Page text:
14. Appendix: Acquisition stars

MOS masks are acquired by centering at least two acquisitions stars in reference slits (2x2 arcsec square boxes). To this end, the centroids of the reference slit and of the star are measured.

A list of requirements and recommendations is given below.

14.1. Requirements

  1. How many stars: At least two (recommended: three) acquisition stars are required if the mask was designed based on pre-imaging data. If the mask was designed using external catalogs and pseudo-images, then at least three (recommended: four) acquisition stars are required. More stars will increase the overhead unnecessarily.

  2. Same astrometric reference system: It is paramount that acquisition stars and science targets are taken from the same catalog or data source.

  3. Must not saturate in pre-image: If saturated in the pre-image, then the centroids of the acquisition stars are uncertain, and the acquisition will likely fail.

  4. No proper motion stars: Do not use high proper motion stars, as the pre-images and the actual science observations may be taken months or years apart. GMMPS checks the proper motion vectors.

  5. Where on the detector: Acquisition stars should be placed as far from each other as possible, and ideally in a triangular fashion.

  6. Stay clear of detector gaps and field border: GMMPS issues a warning if an acquisition star is less than 4.0” from a detector gap or the border of the slit placement area. An additional acquisition star must be included in the mask design as backup unless there are already 2 (pre-image) or 3 (pseudo-image) good acquisition stars present. Distances less than 2.0” are not permitted by GMMPS because the centroid measurements will likely fail due to truncation and / or shadowing. In this case, the star’s priority must be changed to a non-zero value.

  7. No OIWFS guide stars: OIWFS guide stars are shadowed by the guide probe arm. They cannot be used as acquisition stars.

14.2. Recommendations

  1. Stars, not galaxies: Stars should always be preferred over galaxies as they have better defined centroids, and the centroid is independent of the light distribution as a function of seeing. This is not the case for galaxies, where substructures may bias the centroiding. Galaxies may be used as a last ressort, only, e.g. if insufficient guide stars are available. In that case, choose featureless galaxies with compact bright nuclei.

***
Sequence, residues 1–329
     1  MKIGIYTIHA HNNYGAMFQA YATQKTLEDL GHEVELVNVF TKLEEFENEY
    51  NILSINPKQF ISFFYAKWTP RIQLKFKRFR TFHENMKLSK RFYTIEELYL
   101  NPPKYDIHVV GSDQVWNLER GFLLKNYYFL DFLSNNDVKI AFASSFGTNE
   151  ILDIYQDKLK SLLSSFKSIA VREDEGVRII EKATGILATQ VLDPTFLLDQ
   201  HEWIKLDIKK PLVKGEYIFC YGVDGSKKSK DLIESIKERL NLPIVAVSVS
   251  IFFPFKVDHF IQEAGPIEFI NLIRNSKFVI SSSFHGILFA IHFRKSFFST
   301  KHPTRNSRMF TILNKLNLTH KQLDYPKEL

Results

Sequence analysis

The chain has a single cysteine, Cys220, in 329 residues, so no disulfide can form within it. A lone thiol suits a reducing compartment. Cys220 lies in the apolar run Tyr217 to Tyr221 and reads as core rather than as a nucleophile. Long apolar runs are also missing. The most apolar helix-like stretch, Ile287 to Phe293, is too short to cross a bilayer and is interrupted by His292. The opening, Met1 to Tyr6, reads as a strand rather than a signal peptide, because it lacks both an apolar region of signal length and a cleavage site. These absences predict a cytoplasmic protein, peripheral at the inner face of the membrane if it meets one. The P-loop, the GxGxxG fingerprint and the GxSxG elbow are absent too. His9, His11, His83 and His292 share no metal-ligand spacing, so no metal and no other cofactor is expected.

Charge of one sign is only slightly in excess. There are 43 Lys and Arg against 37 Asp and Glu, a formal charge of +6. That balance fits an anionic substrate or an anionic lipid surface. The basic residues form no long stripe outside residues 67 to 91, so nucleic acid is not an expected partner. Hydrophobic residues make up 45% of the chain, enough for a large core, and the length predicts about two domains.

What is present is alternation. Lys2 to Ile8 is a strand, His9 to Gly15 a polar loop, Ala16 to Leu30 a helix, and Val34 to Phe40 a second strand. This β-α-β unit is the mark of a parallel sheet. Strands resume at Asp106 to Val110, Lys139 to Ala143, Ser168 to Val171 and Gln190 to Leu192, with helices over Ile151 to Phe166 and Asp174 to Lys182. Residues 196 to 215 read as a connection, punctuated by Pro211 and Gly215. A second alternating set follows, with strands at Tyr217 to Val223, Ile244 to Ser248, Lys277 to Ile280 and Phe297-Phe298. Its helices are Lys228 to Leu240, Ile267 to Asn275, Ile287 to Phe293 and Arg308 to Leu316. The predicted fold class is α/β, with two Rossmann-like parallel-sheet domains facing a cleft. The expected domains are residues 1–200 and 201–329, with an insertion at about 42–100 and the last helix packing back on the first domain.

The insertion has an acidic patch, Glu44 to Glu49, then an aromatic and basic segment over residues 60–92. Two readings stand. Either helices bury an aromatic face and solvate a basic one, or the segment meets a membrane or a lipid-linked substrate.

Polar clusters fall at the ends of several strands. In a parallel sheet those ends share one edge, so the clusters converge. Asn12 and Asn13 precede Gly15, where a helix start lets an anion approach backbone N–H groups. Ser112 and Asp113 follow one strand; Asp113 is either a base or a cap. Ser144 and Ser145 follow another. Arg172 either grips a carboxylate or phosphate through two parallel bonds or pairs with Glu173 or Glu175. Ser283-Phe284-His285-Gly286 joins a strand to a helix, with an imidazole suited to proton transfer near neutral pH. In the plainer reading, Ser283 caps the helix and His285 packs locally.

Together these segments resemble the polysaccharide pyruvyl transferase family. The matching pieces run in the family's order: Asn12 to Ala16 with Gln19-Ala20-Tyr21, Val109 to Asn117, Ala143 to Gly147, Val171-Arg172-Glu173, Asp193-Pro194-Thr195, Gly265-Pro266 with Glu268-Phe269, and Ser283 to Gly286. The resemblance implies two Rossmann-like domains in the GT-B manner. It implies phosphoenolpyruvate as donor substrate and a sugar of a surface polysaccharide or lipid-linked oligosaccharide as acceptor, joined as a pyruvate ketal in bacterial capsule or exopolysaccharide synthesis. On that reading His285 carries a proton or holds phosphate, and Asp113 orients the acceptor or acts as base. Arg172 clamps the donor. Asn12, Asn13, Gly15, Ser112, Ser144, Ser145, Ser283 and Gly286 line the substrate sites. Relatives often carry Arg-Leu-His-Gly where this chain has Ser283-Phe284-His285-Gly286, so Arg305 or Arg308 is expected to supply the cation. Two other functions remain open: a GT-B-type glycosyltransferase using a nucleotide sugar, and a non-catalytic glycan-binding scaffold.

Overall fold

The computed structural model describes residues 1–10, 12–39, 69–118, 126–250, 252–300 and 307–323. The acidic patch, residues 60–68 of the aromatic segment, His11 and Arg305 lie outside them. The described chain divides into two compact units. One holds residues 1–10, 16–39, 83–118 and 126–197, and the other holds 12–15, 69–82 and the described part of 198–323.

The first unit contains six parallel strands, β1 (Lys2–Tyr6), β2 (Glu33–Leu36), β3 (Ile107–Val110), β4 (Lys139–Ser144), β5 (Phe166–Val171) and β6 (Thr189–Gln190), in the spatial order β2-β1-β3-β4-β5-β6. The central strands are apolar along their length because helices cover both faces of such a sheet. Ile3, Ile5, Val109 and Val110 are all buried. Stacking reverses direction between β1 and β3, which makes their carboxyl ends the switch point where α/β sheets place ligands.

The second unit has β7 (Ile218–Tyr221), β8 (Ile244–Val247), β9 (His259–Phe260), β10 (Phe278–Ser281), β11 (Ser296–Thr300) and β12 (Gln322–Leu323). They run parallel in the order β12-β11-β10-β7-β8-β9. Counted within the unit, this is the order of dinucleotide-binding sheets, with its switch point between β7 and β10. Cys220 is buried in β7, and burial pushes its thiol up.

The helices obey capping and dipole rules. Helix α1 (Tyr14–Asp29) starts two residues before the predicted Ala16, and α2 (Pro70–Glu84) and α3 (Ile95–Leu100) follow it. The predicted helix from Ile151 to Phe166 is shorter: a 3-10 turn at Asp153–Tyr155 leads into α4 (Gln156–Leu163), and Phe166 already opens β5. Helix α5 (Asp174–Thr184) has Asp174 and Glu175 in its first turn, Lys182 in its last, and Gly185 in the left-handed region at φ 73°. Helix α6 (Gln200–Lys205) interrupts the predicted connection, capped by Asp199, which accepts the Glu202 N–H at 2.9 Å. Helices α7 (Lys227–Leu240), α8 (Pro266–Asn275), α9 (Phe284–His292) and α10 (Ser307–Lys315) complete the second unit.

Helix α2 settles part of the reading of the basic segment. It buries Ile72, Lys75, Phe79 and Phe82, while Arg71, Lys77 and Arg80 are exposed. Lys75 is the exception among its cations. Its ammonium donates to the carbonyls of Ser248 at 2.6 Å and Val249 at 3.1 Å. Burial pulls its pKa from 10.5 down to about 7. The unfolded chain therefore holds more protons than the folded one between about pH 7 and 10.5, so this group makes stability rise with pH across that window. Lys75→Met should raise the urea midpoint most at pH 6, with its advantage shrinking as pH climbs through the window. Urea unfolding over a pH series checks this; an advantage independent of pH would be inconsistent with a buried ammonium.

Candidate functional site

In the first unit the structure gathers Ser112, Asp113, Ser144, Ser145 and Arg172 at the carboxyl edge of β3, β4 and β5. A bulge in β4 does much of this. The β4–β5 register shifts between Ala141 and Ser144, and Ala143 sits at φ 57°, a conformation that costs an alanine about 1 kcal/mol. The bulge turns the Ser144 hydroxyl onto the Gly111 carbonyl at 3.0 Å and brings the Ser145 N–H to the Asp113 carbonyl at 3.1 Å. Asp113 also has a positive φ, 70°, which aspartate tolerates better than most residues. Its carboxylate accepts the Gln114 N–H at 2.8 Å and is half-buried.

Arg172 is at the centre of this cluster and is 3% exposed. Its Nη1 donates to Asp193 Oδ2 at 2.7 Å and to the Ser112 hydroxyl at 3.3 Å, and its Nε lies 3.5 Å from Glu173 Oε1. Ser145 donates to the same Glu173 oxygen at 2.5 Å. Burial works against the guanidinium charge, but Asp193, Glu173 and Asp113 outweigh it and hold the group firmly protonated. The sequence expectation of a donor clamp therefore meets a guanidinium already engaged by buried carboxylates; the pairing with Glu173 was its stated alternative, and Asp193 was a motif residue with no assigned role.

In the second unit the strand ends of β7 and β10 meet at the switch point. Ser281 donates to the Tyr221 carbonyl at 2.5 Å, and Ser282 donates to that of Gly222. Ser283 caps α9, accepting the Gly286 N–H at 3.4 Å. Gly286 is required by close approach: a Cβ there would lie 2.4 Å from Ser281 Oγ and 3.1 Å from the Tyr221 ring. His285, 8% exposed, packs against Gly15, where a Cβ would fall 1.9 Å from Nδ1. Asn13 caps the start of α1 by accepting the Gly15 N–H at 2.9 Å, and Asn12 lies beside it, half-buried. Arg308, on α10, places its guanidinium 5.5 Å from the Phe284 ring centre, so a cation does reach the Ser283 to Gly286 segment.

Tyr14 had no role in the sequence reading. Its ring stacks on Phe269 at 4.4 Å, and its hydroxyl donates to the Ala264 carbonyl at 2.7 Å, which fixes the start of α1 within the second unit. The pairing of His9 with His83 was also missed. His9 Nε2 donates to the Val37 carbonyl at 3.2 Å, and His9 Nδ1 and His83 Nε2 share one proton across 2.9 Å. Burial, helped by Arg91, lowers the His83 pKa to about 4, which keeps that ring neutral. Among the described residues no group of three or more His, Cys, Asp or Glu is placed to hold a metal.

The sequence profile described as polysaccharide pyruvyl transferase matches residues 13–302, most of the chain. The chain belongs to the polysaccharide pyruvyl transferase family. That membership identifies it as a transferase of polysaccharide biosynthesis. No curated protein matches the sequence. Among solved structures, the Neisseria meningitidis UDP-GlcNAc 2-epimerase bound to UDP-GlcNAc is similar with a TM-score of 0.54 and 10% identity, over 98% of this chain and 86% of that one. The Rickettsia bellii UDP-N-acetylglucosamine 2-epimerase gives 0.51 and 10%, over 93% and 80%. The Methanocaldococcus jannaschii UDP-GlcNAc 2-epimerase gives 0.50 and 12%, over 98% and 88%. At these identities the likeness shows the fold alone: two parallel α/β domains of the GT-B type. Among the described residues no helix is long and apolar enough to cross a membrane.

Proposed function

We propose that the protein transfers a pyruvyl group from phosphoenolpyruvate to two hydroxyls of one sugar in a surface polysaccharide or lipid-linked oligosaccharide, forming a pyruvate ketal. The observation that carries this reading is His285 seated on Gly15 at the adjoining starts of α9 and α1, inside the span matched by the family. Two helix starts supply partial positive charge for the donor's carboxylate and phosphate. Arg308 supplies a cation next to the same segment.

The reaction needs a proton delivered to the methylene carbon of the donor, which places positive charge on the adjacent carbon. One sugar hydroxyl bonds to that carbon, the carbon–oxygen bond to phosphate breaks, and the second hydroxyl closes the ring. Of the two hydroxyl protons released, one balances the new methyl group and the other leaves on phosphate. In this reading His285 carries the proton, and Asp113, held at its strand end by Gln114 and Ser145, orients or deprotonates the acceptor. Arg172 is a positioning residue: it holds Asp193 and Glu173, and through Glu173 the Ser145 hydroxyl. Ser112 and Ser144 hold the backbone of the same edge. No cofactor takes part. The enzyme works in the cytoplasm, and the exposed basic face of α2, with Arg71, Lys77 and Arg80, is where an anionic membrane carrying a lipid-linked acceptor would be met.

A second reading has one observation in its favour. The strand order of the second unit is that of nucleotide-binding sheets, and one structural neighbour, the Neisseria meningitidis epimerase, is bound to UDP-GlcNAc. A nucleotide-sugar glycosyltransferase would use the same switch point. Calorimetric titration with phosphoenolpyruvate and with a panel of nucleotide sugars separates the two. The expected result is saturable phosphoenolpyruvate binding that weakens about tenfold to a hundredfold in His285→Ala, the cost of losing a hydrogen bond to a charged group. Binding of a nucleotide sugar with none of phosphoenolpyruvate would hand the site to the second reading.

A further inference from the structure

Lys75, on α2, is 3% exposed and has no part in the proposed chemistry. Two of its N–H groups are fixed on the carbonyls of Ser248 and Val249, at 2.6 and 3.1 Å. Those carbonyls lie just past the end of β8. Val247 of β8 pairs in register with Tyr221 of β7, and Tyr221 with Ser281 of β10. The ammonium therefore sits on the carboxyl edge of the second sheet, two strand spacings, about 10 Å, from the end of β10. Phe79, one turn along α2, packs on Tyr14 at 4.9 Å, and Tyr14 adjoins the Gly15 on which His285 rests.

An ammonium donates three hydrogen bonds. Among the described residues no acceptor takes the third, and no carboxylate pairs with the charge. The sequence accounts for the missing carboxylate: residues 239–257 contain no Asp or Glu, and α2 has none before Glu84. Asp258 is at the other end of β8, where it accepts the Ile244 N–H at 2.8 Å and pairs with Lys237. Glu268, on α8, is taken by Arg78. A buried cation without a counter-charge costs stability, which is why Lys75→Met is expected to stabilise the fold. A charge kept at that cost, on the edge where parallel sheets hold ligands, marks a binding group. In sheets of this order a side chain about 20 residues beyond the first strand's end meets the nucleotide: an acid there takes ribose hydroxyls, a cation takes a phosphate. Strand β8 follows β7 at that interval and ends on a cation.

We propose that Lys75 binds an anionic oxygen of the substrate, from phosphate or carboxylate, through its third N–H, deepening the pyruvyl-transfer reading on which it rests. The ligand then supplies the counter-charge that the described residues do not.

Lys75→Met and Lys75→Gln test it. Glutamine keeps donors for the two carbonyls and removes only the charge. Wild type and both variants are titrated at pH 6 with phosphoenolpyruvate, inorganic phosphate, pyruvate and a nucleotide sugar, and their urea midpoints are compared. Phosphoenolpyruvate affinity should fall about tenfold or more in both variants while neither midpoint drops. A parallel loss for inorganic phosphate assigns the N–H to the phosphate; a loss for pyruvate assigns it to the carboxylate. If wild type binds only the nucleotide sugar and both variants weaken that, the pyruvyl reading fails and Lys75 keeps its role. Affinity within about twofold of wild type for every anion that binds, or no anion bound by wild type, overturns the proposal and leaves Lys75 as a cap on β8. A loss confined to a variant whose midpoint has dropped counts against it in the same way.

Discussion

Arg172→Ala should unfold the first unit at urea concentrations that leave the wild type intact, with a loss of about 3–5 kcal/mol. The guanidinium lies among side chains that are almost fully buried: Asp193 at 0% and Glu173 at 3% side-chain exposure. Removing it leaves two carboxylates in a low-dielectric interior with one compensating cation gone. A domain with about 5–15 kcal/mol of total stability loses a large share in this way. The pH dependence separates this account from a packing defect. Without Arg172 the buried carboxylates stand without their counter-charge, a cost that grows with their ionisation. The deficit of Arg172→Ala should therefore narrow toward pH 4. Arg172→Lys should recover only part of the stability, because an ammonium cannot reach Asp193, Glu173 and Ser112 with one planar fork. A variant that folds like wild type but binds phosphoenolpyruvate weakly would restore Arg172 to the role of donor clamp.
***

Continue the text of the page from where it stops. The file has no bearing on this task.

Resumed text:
2. Bright enough: Acquisition stars should be bright enough (between mag 12-19) and ideally within 2 magnitudes (so that they can be displayed properly in a single exposure by the observer). Fainter stars may be used if necessary, but this will increase the overheads as the observer possibly needs to increase the exposure times.

  3. If in doubt: If you are not certain about a particular acquisition source, for whatever reason (e.g. close to gap, possibly proper motion), an additional acquisition star must be provided.


The rms offset of the acquisition stars from the center of the acquisition boxes must be less than 25% of the slit width of the narrowest science slit. Otherwise the observing software decides that the mask cannot be aligned.


Fig. 14.1 The acquisition star to the lower right is within 4.0” of the border of the slit placement area. Most likely this is ok, but its spectrum is shown yellow to highlight it as potentially problematic. An additional acquisition star must be included in the mask design unless there are already 2 (pre-image) or 3 (pseudo-image) good acquisition stars present. The acquisition star to the upper left has a safe distance to the GMOS detector gap.